Some 20 Japan-based civic groups jointly issued a statement in front of the Japanese Embassy earlier in the month during an anti-Abe protest, which said, “The Abe government is stoking conflict between the citizens of Korea and Japan, and trying turn a blind eye to the past in nullifying Korean top court’s ruling.”

They urged the Korean and Japanese public to work together to restore the rights of Korean victims and demand the issue be resolved.

South Korean administrations also bear responsibility for the perennial conflict.

Korea normalized relations with Tokyo in a 1965 accord that came with a financial compensation and apology by Japan, accepted without the consent of Korean victims, amplifying outrage and confusion.

In the 1965 accord inked under former military dictator Park Chung-hee, South Korea received $500 million in loans and “settled all issues related to the right of recourse of both countries.”

The treaty signed by Park, whose focus was on Korea’s economic development, remains the root cause of the clashes over interpretations of history between Seoul and Tokyo.

After going through a reconciliatory phase during the 1998-2003 Kim Dae-jung government, most Korean governments assumed a largely hardline stance, condemning Japan over the deep-rooted dispute, but fell short of addressing the root cause.

And after nearly three years of giving Japan the cold shoulder, President Park Geun-hye, the daughter of Park Chung-hee, abruptly signed an agreement with Japan settling the issue of comfort women in 2015. The agreement sparked a fierce backlash as it was signed without consulting the survivors.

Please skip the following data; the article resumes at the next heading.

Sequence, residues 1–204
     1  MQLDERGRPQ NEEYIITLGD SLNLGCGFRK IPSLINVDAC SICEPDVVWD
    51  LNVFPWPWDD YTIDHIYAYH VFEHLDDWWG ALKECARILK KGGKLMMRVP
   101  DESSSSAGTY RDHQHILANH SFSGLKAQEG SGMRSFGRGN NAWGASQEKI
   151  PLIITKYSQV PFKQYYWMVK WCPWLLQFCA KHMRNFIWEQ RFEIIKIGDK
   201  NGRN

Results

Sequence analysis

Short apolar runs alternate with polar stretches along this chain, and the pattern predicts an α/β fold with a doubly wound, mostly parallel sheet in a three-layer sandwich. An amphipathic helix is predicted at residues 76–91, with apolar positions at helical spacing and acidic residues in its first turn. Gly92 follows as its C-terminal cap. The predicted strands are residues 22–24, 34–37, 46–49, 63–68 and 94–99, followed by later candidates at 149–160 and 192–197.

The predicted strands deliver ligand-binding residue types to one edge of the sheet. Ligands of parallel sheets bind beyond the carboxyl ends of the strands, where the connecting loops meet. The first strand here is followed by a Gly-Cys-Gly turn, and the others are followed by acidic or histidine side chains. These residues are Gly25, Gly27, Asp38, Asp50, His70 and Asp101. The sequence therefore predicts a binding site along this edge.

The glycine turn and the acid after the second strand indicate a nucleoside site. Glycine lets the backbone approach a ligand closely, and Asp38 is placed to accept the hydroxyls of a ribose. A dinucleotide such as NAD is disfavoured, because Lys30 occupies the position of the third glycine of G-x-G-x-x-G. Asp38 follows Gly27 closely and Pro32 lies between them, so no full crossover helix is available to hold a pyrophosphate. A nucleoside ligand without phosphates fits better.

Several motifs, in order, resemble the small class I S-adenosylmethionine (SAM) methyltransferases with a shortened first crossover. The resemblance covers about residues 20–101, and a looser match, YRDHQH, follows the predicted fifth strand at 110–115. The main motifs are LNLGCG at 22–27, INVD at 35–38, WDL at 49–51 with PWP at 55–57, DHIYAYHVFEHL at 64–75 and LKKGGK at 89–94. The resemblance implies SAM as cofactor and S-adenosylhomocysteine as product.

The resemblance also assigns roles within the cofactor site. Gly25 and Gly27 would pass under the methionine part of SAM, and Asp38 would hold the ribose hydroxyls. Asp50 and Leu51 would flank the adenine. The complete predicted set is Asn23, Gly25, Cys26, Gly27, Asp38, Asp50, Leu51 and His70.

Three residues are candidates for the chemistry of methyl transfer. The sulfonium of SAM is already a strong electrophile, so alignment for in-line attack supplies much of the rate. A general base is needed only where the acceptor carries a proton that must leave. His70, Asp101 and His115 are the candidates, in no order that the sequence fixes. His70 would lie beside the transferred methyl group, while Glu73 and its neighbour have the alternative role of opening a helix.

The Moon Jae-in government has vowed to address Tokyo’s wartime atrocities and conflicts with Korea over history, of which Education Minister Yoo Eun-hae’s recently announced plan to bolster history courses in elementary, middle and high schools is a part.

In the sweltering summer heat, crowds rallied in front of the former Japanese Embassy building in Jongno, central Seoul, on Wednesday, participating in the 1,400th protest of its kind with one goal: getting Japan’s leadership to sincerely repent and apologize for enslaving up to 200,000 women into sexual slavery for Japanese soldiers during World War II.

The majority of the victims were from South Korea, with others from Taiwan, China, Indonesia and the Philippines.

The protests, held every Wednesday since 1992, gained momentum coupled with the unprecedented nationwide campaign to boycott goods and services linked to Japan.

The boycott is a response from the South Korean public to Tokyo’s export restrictions, which were widely perceived as retaliation against the Korean Supreme Court’s rulings in favor of Korean victims who were forced to work at Japanese mines and factories during Japan’s colonialization of the Korean Peninsula,

Another South Korean victim of Japan’s sex slavery died earlier in the month, and there are 20 surviving victims registered with the government whose ages average 91. Lee Chun-sik, who was forced to work at a Japanese steel mill at the age of 17, will turn 96 next year.
By Kim Bo-gyung (